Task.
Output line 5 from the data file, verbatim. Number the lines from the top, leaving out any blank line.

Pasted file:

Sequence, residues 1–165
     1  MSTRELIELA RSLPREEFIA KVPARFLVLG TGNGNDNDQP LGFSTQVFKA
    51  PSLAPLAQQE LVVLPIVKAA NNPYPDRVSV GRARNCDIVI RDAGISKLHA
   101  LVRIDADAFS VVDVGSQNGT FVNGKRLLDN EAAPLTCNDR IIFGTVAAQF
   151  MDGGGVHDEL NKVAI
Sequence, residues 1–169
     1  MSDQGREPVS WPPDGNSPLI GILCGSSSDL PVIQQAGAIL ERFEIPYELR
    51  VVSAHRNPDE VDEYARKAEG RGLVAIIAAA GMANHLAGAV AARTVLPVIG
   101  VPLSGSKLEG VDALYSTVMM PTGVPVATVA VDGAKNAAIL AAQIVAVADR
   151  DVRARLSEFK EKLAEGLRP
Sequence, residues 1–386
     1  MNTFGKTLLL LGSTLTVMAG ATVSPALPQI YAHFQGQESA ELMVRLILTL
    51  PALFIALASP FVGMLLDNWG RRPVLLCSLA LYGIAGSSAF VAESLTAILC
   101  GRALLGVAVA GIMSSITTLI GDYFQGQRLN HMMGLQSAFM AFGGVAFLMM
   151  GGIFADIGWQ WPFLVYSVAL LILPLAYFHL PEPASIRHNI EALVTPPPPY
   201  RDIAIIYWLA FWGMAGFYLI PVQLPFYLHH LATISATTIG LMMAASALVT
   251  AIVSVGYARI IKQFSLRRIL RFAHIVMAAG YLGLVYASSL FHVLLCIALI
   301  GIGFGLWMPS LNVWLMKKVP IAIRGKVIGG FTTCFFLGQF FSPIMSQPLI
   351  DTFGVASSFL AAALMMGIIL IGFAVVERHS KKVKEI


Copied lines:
   151  MDGGGVHDEL NKVAI